The 5th of May saw the release of 66 year old Alicia Castilla, who was held in prison for 94 days after police discovered marijuana plants at her home in Atlántida, Uruguay.
In a similar way to the Netherlands, laws in Uruguay allow possession of cannabis for personal use (although in Uruguay the amount considered reasonable for personal consumption is decided by a judge). Cultivation however is completely forbidden, a paradox that forces users to either (illegally) buy from criminal dealers or break the law by cultivating cannabis for their own use. Alicia Castilla, author of two books on cannabis, chose the latter option.
In January 2011 police raided the house she had bought with the intention of having ‘a peaceful place to spend my old age’, and discovered 29 unsexed cannabis seedlings.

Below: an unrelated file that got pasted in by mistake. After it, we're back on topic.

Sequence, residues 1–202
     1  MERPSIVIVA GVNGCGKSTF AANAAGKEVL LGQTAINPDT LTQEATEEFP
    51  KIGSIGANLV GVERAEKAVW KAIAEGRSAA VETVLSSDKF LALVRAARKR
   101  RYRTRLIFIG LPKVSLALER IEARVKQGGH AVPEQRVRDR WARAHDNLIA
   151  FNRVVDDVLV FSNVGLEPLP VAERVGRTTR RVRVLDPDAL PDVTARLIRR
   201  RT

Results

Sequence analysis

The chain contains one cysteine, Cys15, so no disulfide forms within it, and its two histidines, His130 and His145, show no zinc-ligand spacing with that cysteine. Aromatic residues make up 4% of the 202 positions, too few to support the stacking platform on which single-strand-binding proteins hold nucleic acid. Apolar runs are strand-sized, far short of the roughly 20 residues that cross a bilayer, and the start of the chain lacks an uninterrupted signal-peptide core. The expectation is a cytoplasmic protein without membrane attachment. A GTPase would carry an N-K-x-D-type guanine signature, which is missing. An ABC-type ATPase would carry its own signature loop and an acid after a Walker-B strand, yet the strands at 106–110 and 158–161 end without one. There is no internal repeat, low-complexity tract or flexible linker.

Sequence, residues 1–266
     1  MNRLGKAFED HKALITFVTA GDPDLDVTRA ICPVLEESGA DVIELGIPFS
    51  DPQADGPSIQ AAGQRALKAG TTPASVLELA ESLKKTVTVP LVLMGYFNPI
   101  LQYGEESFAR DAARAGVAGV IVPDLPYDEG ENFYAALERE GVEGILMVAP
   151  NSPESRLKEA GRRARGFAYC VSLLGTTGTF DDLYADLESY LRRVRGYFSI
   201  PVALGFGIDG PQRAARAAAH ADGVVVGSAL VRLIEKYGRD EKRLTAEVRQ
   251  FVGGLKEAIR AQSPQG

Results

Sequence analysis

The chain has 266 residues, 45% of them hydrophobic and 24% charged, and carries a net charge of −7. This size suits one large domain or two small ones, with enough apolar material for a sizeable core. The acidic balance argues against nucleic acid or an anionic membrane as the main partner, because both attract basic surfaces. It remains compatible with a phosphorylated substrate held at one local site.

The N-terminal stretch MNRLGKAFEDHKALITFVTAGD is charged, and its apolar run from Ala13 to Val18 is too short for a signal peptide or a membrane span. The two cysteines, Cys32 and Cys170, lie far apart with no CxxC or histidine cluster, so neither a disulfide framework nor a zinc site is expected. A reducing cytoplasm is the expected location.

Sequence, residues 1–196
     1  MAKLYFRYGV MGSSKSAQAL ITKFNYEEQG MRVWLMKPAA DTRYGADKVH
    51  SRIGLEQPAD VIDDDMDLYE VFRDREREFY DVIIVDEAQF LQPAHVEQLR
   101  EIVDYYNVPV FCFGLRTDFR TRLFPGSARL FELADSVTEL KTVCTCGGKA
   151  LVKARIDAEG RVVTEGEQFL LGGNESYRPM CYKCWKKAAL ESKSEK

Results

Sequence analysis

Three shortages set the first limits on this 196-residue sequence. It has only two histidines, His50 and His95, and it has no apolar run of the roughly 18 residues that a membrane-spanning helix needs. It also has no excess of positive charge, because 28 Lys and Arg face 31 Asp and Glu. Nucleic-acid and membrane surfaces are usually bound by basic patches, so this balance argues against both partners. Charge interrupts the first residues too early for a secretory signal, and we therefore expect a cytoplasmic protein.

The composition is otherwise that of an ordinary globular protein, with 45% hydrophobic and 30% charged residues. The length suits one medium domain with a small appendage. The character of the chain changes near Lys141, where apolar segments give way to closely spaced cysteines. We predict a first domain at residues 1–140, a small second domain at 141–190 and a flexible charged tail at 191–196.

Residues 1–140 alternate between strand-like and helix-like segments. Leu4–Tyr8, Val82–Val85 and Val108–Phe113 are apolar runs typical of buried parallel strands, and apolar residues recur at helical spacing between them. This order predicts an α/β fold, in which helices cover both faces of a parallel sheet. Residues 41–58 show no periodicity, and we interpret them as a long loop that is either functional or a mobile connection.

“I think it’s an injustice that a person is in prison for planting what they consume,” Castilla told Spanish newspaper El Pais. The grandmother affectionately nicknamed “Senora Cannabis” by her many supporters expressed emotional relief at this turn in a case that attracted attention from all over the world, especially in her native Argentina.
Following her arrest, Alicia Castilla was imprisoned in Canelones, a squalid and violent prison where inmates include murderers and crack addicts. After 45 days and repeated requests, she was transferred to CNR, a rehabilitation centre. Here she had access to a laptop and began drafting a third book, inspired by her experiences.
Until very recently the Supreme Court in Uruguay was refusing to grant provisional release to Alicia Castilla but an appeal for probation was finally granted by prosecutor Fernando Valerio. Alicia must now await the final ruling, which has already been delayed. She intends to continue campaigning for the legal right to cultivate cannabis even more passionately than before.